Film

The Best Experimental Shorts at the Toronto International Film Festival

The festival’s vaunted Wavelengths section features films about different concepts of performance.

From John Torres’s We Still Have to Close Our Eyes (all images courtesy Toronto International Film Festival)

The Wavelengths section of the Toronto International Film Festival is a rare opportunity to catch the latest work from some of the most exciting experimental filmmakers working today, along with some restored gems. “Lives of Performers,” one of the four Wavelengths shorts programs, offers intensely personal pieces from both established and up-and-coming directors. All these films are performative in a loose sense. They are cued to the intensity of the personalities that power their stories — to their quirks, kaleidoscopic and/or diaristic visions, and in some ways to the inflections of genre in cinematic realism.

From Vever (for Barbara)

Deborah Stratman’s Vever (for Barbara) is a wistful tribute to Barbara Hammer, who passed away in March of this year. It consists of 12 minutes of footage that Hammer captured in Guatemala in the 1970s, mixed with a recording of a telephone conversation Stratman had with Hammer, in which she describes why she abandoned the film she was shooting. To this Stratman adds field recordings made by another experimental woman director, Maya Deren, who made films in Haiti in addition to the US. Hammer’s presence — the deep resonance of her rasp voice — is key to the film, as she throws in mentions of her impetuous decision to abandon California (and the woman she was with) to decamp for Guatemala. But she says the film she made there had neither a personal entry into the story nor a real political bite. Such a confession is not surprising, since Hammer was so passionately insistent on always starting with the self. Lines of text at times appear on the screen, either over the images or a black background, saying things like “What I Have Recorded … Reflects Not My Own Integrity … But That of the Reality That Mastered It.” Both Hammer and the notes interrogate the distinction between integrity and mastery — presenting the world versus questioning it. We learn the difference between looking for something (having preset intentions) and simply looking (being open to discovery and admitting failure).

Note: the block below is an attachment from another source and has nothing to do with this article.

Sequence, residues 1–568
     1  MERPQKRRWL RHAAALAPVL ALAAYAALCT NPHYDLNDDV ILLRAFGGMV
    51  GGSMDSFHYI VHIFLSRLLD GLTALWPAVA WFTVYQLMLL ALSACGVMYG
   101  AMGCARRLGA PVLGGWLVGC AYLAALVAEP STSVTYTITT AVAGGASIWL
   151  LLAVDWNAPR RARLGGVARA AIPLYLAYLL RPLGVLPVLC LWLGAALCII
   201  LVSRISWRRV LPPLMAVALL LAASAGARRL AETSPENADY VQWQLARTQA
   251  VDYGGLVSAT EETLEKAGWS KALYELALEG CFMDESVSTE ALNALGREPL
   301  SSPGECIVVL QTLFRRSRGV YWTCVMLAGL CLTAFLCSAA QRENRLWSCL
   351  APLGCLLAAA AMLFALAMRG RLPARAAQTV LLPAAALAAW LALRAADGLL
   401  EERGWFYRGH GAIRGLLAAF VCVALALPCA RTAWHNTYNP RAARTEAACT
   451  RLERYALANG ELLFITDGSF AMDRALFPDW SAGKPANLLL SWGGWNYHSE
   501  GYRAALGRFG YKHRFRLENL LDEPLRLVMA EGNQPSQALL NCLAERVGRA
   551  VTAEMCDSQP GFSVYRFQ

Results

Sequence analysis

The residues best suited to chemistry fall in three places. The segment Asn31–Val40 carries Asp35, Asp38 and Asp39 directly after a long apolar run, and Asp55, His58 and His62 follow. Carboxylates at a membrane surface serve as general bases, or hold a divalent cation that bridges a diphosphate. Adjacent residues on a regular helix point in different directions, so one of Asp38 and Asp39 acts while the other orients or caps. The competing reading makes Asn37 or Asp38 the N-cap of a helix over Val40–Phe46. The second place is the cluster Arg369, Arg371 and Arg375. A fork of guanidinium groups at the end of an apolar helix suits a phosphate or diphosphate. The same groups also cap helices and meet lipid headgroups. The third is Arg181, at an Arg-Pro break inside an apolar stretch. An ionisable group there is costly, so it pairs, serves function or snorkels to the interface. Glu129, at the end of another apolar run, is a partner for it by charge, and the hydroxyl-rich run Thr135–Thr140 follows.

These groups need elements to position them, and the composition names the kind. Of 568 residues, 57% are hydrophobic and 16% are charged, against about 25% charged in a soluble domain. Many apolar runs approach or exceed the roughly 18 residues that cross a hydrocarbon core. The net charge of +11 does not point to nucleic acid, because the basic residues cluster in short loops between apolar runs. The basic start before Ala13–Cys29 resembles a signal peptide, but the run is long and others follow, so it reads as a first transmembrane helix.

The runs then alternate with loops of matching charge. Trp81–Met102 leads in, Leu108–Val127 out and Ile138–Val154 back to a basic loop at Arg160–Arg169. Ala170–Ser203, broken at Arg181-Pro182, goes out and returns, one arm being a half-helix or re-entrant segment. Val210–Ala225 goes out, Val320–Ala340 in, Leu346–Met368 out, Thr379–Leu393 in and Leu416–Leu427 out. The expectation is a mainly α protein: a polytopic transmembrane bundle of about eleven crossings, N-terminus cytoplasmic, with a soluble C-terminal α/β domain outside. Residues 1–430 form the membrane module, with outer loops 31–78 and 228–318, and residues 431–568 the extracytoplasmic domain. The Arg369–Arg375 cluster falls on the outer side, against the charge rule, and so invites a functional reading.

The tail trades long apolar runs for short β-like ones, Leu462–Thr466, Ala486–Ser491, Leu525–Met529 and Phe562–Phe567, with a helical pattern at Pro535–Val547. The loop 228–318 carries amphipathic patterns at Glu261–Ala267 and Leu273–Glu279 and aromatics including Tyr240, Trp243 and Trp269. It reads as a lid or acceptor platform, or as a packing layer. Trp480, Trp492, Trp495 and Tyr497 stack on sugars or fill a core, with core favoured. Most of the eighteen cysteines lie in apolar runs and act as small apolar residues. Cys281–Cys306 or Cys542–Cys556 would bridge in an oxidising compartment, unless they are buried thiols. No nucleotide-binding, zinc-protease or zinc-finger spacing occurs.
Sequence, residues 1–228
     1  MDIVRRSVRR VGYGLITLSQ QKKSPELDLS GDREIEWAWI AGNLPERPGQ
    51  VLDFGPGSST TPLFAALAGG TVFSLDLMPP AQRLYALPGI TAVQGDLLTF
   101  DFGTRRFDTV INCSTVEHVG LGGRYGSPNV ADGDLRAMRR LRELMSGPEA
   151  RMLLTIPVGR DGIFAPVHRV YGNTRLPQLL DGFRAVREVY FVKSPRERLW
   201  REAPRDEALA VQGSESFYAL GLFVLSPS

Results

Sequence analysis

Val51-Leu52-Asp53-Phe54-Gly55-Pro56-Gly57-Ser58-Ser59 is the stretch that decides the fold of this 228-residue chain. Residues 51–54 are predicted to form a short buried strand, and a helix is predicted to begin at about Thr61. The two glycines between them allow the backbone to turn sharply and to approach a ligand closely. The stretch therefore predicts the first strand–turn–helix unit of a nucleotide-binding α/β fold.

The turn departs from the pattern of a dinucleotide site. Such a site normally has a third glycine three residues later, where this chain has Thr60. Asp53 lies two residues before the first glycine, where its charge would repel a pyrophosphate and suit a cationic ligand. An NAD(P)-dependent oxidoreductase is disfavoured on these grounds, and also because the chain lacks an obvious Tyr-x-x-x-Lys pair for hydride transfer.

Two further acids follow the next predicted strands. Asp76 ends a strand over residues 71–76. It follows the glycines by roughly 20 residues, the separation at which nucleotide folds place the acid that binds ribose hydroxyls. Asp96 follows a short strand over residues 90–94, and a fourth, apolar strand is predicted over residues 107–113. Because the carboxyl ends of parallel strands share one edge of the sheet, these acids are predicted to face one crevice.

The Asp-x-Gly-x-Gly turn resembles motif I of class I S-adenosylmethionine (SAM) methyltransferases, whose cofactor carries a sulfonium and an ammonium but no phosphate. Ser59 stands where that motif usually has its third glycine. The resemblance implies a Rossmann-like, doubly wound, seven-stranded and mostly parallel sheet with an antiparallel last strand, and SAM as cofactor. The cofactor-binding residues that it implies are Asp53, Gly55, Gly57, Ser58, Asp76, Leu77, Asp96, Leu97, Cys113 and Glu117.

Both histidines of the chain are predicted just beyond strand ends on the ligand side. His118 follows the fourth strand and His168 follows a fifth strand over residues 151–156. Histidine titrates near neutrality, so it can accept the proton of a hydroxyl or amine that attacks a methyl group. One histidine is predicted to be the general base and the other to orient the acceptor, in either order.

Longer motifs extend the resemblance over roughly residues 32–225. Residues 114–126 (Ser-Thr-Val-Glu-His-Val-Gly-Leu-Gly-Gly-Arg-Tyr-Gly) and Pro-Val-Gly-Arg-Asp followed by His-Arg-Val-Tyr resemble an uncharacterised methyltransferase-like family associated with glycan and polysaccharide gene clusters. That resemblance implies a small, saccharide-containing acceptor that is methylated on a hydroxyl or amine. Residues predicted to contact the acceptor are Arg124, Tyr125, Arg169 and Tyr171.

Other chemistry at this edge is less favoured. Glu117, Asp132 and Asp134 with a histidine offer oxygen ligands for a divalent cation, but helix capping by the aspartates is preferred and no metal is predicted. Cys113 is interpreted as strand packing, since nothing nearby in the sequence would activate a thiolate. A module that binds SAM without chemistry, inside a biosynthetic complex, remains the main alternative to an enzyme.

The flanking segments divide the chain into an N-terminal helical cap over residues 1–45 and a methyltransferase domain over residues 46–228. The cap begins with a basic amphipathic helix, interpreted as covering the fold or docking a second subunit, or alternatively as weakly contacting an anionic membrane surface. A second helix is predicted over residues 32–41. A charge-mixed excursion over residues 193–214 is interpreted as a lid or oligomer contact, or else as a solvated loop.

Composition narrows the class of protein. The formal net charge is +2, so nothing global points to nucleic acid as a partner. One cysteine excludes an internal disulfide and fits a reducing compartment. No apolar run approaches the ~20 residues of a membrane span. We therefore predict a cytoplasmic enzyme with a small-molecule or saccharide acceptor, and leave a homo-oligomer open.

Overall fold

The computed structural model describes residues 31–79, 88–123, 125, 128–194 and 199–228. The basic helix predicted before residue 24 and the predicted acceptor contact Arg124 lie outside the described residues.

The fact that Hammer shot the film in the “Third World” also comes into play. On the screen, Guatemalan women and men carry baskets and fruits and weave traditional fabrics, while small children play. What does it mean for a First World foreigner to claim any sort of truth about this world, and can it be done without imposing a framework? In Hammer and Stratman’s interrogation, integrity includes asking about the “I,” who presents whom, and whose entry point conduces us into a worldview. At the same time, Hammer’s quick train of thought and her wit keeps the conversation light. “I have to go! Bye!” she says at the end — a flash of impetuous energy, which here is also a poignant farewell.

From Book of Hours

Another intensely personal film in the program, Annie
MacDonell’s silent Book of Hours, is a delicately woven diary.
Fleeting domestic moments — such as caring for and changing a
baby — are interwoven with illustrations showing stars,
snowflake, rose-window and other ornamental patterns. The
roving camera at first takes in a home interior (a living room,
carpet, fireplace), as a female voice in the voiceover whispers
a poem, based on the book, Species of Space, by the French
writer George Perec, and playing on the word “space” (e.g
“interior space” “dead space” “space time continuum”).
Later these patterns mingle with images of a child’s naked
torso, children and adults’s hands at play, re-photographed clips